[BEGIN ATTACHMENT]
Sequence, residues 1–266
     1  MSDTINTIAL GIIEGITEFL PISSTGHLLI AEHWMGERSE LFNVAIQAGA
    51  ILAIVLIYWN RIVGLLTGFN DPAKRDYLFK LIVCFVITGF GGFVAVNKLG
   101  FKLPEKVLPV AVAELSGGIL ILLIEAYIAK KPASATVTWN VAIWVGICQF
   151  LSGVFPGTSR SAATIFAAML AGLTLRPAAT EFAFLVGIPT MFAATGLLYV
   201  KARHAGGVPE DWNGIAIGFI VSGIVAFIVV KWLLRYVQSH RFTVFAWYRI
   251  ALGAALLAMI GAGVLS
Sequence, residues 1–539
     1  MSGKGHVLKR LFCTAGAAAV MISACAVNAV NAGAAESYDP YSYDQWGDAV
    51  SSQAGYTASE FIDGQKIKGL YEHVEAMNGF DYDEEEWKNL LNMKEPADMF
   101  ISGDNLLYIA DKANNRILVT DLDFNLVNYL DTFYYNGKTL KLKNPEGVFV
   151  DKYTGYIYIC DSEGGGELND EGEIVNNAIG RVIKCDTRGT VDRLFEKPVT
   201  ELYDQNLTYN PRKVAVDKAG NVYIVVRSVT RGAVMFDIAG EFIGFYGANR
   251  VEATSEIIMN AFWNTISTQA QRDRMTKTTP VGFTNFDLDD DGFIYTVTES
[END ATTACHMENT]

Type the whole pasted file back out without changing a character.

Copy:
Sequence, residues 1–266
     1  MSDTINTIAL GIIEGITEFL PISSTGHLLI AEHWMGERSE LFNVAIQAGA
    51  ILAIVLIYWN RIVGLLTGFN DPAKRDYLFK LIVCFVITGF GGFVAVNKLG
   101  FKLPEKVLPV AVAELSGGIL ILLIEAYIAK KPASATVTWN VAIWVGICQF
   151  LSGVFPGTSR SAATIFAAML AGLTLRPAAT EFAFLVGIPT MFAATGLLYV
   201  KARHAGGVPE DWNGIAIGFI VSGIVAFIVV KWLLRYVQSH RFTVFAWYRI
   251  ALGAALLAMI GAGVLS
Sequence, residues 1–539
     1  MSGKGHVLKR LFCTAGAAAV MISACAVNAV NAGAAESYDP YSYDQWGDAV
    51  SSQAGYTASE FIDGQKIKGL YEHVEAMNGF DYDEEEWKNL LNMKEPADMF
   101  ISGDNLLYIA DKANNRILVT DLDFNLVNYL DTFYYNGKTL KLKNPEGVFV
   151  DKYTGYIYIC DSEGGGELND EGEIVNNAIG RVIKCDTRGT VDRLFEKPVT
   201  ELYDQNLTYN PRKVAVDKAG NVYIVVRSVT RGAVMFDIAG EFIGFYGANR
   251  VEATSEIIMN AFWNTISTQA QRDRMTKTTP VGFTNFDLDD DGFIYTVTES